Calling All Grandparents! (And Great-Grandparents and Great-Great Grandparents and Aunts and Uncles!)

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 on April 1, 2022

“Can somebody get the baby? “He needs to get up!” (The call is music to my ears.)

“I will,” I shouted, as I ran for the stairs.

I slowed down to a tiptoe walk as I approached the bedroom door. All was quiet. Was the bonny prince still asleep, or just quiet in his crib?

I pushed open the door ever so carefully, and there he was—just looking up at the ceiling, looking at the wall, looking all around—definitely awake, happy, quiet, still.


Our eyes met and his face blossomed into a silent smile which caressed my heart, soul, mind, and body. Our mutual, steady gaze of unconditional, unquestioning love brought stillness to the inner world. How could there be such defenseless, pure love—here, before my very eyes? I can feel the sacramental, gentle power and exchange of graces in Samson’s gaze as I write these words. Will it be like this, before God, beyond this mortal life?

I have been thinking of that moment ever since and I am still grateful for someone calling out: “Can somebody get the baby?” I have also been thinking of grandparents and great grandparents and great-great-grandparents … and yes, aunts and uncles, too.

I have been thinking of the passion, power, and unbridled joy that grandchildren set aflame in the hearts of the older generation. Surely, the passion of grandparents has to be counted among the great forces that shape the day-to-day and long-term history of the world.

Today I read this in The Washington Post: “Humanity has a ‘brief and rapidly closing window’ to avoid a hotter, deadlier future … In the hotter and more hellish world humans are creating, parts of the planet could become unbearable in the not-so-distant future, a panel of the world’s foremost scientists have warned in an exhaustive report on the escalating toll of climate change … ‘I have seen many scientific reports in my time, but nothing like this,’ U.N. Secretary General Antony Guterres said in a statement.”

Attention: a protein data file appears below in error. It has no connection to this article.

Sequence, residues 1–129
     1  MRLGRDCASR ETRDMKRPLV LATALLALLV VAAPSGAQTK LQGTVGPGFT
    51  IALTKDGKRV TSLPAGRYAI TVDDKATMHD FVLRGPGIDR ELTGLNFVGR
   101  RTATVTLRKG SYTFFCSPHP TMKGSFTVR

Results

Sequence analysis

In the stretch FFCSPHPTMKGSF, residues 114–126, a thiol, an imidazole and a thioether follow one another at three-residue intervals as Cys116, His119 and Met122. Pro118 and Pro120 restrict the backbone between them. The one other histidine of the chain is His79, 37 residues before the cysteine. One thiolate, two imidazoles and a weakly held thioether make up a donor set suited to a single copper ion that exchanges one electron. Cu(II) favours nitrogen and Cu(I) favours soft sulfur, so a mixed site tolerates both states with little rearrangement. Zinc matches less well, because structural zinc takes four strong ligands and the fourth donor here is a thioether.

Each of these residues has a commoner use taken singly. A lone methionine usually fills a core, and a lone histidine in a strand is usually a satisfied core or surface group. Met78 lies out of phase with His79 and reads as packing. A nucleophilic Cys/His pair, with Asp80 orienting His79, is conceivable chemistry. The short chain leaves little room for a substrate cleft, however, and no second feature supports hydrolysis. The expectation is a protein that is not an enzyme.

Our sweet little one lives in Cape Town, South Africa. On December 31, 2021, we read this: “After months of warnings through an anomalously long drought, Cape Town was on the verge of becoming the world’s first major city to run out of water.” Fortunately, the rains came and Cape Town was saved from the looming crisis.

The global ecological crisis becomes very real when it affects your family, which is why I am writing about grandchildren—your grandchildren. We are no longer in the “wake-up call” moment. We have known our world is in trouble for a very long time. The crisis is now.

Some of our most effective voices in climate change advocacy are the very young. Why not in the older generation too?

As a grandparent, you have seen, touched, and heard (1 John) the living, breathing proof of the divine origins of creation—in your grandchild, great-grandchild, and great-great grandchild. As a grandparent, or aunt, or uncle, the children you love reveal the holiness of all life on earth.

As a church full of grandparents, the Anglican Church has a power no one in the world could deny: self-transcending love for grandchildren! Let’s harness the passion of grandfolk!

I am urging you as a grandparent to let your love for your grandchild (or niece or nephew!) guide you, shape you, inform you, and inspire you. Let your passion spark the courage to become informed and act for the healing of our planet, for the sake of your grandchild.

One of our Lenten books this year is Saving Us. It’s a great place to begin the offering of your love, in gratitude for the love you have received. Our diocese has a tremendously capable environmental group. Just look around and you won’t have to look too far to find like-minded grandparents! Get together!

Did I just hear somebody say: “Can somebody get the baby?”

  • Max Woolaver

    The Venerable Max Woolaver is rector of St. Andrew's, Grimsby. He is also an avid singer/songwriter as well as a retreat leader. Max was ordained in the Diocese of Niagara in 1986 and received his M.Div. from Wycliffe College, University of Toronto; he also studied at the Shalem Institute of Spiritual Formation.

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